- Associated Press - Monday, August 17, 2015

HOWARD, S.D. (AP) - As a nurse, Elizabeth Blankenfeld has made a professional commitment to helping people.

Now, she’s made a personal vow to do the same.

Blankenfeld has been deemed a match to donate a kidney to her former high school principal and former Howard School Superintendent Mike Cullen, who has been undergoing dialysis and is need of a kidney transplant.

“She’s just my hero,” Cullen told The Daily Republic (https://bit.ly/1Krzhk1 ). “I get upset with people when they say that our kids aren’t motivated or just don’t care about people like they used to. She’s being so generous and helpful and I can’t ask for anything more.”

Cullen, who retired earlier this year as superintendent and secondary principal of Howard Public School, was diagnosed in 2012 with Berger’s Disease. The autoimmune disease has caused Cullen to lose kidney function, which has progressed to a need for a transplant.



The transplant surgery is scheduled for Aug. 24 in Sioux Falls. Cullen has been on the transplant list for two years and his match was made in July.

Before Cullen’s eight-year stint at Howard, he was the principal at Elkton High School, where Blankenfeld went to high school and graduated in 2006. Now a nurse living in Grand Forks, North Dakota, she saw a TV segment about Cullen and looked into helping out her former teacher.

“I saw that his blood type matched mine and I figured I might as well try,” she said. “Turns out I’m a perfect match.”

Strict criteria about autoimmune diseases meant many of his family members couldn’t help Cullen out.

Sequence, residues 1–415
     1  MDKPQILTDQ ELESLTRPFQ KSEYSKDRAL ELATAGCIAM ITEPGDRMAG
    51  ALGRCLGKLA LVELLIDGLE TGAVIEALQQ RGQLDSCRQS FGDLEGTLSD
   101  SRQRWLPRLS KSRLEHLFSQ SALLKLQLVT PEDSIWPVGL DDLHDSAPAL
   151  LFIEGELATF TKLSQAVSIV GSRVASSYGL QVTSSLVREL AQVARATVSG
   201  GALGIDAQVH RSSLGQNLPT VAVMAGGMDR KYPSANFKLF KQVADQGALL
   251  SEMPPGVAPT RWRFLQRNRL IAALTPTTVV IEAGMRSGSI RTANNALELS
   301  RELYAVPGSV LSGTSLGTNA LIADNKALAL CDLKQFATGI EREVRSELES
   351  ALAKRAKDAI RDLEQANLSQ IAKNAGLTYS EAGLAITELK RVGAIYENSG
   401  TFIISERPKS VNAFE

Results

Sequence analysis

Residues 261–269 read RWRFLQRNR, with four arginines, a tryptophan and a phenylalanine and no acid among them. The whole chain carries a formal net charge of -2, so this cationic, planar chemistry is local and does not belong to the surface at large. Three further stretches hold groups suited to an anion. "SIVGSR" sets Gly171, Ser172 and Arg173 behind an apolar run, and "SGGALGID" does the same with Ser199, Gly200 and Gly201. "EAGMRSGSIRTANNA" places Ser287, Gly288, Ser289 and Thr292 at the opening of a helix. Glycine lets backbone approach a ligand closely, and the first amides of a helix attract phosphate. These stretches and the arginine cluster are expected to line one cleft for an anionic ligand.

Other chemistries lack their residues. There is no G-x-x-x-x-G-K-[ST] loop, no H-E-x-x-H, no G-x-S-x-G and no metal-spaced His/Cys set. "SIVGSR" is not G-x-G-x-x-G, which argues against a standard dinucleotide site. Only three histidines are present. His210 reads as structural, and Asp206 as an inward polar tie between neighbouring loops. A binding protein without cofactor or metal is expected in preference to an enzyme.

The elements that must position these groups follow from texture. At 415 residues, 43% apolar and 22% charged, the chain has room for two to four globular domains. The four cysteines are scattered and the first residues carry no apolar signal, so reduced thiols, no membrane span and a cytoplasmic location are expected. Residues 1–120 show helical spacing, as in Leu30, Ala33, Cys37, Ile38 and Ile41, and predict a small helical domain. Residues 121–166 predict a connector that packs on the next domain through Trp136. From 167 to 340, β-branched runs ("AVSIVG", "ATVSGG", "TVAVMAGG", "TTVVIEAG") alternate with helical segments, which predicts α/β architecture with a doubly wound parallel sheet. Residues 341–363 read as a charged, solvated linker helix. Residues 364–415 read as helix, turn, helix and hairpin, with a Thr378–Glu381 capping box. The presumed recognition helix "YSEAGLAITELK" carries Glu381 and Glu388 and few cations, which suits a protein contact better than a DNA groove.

“None of my family was able to give back because we have sort of a muddy gene pool,” he said, noting that his grandfather was adopted.

But both Cullen and Blankenfeld had an O-positive blood type, giving the match a chance. Cullen has dialysis three times a week, which is usually a four-hour procedure each time.

Blankenfeld, 27, said she’s not nervous about the surgery.

“It feels pretty awesome. I don’t have the words really to put in into perspective,” she said. “You do this work of being a nurse and it’s the destiny of every nurse to help people but I had never thought of being a living organ donor.”

Blankenfeld is a registered organ donor and she’s seen family members fight kidney ailments. She’s seen the power of living donations.

“I’m so excited to get the word out, because I feel like a lot of people just don’t know they can do this,” she said.

Cullen is confident about the upcoming surgery. Provided everything goes well, he’ll be monitored for six weeks in Sioux Falls.

“You feel a lot of different things, whether it’s being anxious or thankful or blessed,” he said.

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